Cactus Application Environment Individual research groups Domain specific shared infrastructure Flesh: APIs, information, orchestration Adaptive mesh refinement, parallel I/O, interaction, …
Einstein Toolkithttp://www.einsteintoolkit.org Based on Cactus Framework Over 130 open, community developed Cactus modules Building a consortium of users Governance and software development Members 40 listed on web page 10 different groups US, Japan, Mexico, Spain, Germany, Canada 300 science publications, 50 student theses
Typical Black Hole Simulations At LSU … 300 Cactus thorns 10,000 potential parameters 20 different supercomputers 100-2000 cores Days/weeks to run (checkpoint/restart) GBs to TBs of data (HDF5, ASCII, jpeg)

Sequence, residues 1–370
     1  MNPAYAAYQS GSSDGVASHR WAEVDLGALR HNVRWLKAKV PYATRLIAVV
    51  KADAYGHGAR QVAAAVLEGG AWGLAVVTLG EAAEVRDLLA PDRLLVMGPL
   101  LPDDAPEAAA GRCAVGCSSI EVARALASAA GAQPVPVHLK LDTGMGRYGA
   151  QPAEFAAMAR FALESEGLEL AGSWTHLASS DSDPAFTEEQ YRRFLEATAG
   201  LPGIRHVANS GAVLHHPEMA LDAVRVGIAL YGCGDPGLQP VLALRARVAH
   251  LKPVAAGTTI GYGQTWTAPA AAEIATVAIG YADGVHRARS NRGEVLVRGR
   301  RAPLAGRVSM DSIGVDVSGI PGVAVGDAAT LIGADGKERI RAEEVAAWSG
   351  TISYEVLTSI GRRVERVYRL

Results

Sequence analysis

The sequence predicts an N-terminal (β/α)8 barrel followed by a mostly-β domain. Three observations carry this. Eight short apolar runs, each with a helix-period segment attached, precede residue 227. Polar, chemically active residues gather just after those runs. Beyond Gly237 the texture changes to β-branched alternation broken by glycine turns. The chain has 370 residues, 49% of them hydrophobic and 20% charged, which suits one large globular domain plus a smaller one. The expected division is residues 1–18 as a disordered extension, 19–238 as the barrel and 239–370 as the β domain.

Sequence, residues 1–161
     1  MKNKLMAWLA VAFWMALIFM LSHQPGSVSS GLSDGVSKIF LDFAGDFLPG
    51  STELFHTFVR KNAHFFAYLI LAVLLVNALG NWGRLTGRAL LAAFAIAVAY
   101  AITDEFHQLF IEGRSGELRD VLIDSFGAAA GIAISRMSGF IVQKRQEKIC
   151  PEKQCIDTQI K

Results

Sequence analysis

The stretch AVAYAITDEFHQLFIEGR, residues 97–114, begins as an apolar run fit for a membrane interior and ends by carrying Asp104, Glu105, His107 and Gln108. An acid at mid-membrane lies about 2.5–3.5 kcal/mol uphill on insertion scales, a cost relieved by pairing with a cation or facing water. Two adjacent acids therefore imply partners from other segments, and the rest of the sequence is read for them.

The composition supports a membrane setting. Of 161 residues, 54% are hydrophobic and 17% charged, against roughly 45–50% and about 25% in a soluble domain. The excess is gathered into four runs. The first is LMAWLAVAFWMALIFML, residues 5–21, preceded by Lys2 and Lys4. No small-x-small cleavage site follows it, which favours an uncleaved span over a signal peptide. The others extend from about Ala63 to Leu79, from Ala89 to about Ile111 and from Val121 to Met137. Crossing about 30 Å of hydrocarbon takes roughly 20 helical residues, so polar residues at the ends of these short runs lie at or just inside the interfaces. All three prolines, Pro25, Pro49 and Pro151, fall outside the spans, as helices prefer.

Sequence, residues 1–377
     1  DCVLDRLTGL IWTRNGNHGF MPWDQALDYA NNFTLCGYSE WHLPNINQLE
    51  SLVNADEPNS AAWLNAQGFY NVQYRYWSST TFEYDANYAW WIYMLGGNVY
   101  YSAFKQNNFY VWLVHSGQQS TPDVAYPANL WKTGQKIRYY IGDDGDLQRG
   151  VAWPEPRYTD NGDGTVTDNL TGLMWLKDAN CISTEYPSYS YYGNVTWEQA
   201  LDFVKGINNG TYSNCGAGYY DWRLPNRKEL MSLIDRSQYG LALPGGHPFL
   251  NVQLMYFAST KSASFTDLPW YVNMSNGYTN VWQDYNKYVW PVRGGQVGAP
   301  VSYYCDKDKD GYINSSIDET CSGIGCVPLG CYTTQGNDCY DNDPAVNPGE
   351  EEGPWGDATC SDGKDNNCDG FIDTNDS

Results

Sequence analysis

Collaborative Technologies Technologies to share simulation-related information developed in our group from the early 1990s Essential to support the scientific research Review historical evolution of these technologies Show how Web 2.0 provides new tools to enable old scenarios
Web-based Mail Lists Mosaic web browser (1993, NCSA) Seidel’s group at NCSA worry about content http://archive.ncsa.illinois.edu/Cyberia/NumRel/GravWaves.html(1995) Collaborative Cork Board (CoCoBoard) (Mid 90’s) Researchers have web-based “project pages” Could attach images!! (usually 1-D plots of results) Used till late 90’s Currently Project based private wikis: parameter/output files, figures Organize material for weekly project conference calls Cons: network to access/edit wiki, editing slow